The proposal, which
But the education department wants to keep multiple options available when districts fall unaccredited, including collaboration with the local school board, appointing a new board or changing the structure of the district such as with a new administrator who answers to the state education commissioner.
If a district fails to recover from unaccredited status under its performance contract, the state, at its discretion, can declare the district lapsed. Then the state would move forward with takeover plans that could include taking direct control of schools or giving them over to other operators or districts under contracts.
The proposed statewide plan, which is being forwarded to the board's March meeting for approval, means to be tough but flexible to the varying conditions in any district, Education Commissioner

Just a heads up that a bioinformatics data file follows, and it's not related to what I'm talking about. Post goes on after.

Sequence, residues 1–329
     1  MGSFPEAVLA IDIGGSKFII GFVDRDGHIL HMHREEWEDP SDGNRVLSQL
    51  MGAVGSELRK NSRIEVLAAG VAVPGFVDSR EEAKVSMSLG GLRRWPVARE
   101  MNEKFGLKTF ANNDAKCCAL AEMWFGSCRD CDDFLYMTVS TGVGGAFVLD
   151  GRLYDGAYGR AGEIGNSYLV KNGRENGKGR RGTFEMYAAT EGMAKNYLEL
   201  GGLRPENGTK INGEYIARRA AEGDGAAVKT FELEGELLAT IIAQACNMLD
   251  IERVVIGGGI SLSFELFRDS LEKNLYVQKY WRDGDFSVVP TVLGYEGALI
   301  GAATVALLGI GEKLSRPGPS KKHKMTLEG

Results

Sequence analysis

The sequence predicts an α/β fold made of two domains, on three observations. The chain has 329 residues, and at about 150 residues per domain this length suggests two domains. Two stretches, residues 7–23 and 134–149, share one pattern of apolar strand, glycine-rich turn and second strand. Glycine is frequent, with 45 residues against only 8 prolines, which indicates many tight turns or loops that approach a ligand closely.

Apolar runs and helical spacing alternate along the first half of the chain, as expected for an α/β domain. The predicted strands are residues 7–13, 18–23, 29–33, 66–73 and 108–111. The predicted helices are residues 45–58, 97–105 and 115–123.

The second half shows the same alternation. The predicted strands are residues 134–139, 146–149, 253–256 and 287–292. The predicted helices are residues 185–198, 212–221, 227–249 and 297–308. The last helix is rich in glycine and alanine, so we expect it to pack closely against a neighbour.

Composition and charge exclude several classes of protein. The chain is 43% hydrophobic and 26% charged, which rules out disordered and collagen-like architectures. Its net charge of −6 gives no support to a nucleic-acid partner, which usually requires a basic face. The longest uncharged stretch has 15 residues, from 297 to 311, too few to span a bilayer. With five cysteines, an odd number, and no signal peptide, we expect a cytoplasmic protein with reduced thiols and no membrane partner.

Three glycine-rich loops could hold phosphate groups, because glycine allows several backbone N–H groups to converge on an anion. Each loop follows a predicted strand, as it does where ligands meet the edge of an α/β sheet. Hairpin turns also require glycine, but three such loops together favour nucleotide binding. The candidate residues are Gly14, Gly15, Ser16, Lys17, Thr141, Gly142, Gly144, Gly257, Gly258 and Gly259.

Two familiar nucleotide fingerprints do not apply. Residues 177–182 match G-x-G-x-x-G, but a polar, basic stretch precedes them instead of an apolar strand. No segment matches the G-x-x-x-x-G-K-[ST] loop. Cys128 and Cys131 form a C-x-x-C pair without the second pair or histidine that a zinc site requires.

"I hope this sends the message that we are anxious to work with them," Nicastro said. "We want them to turn around and we are willing to do anything to help them make that happen."
The state also wants to reserve multiple options to help the schools, however, if the district falls, she said.
"It is not OK to continue to support failure," Nicastro said.
Green said the state's plan "incorporates much of what we submitted in our plan" for improving the district. He pointed to elements of the plan that support local control of schools, allowing for the current administration to remain in place.
While acknowledging that the district still has a long way to go, Green said: "I'm very confident that our teachers and students have given evidence that this is a district on the climb. ... We are very optimistic."
The state is debating reform ideas for the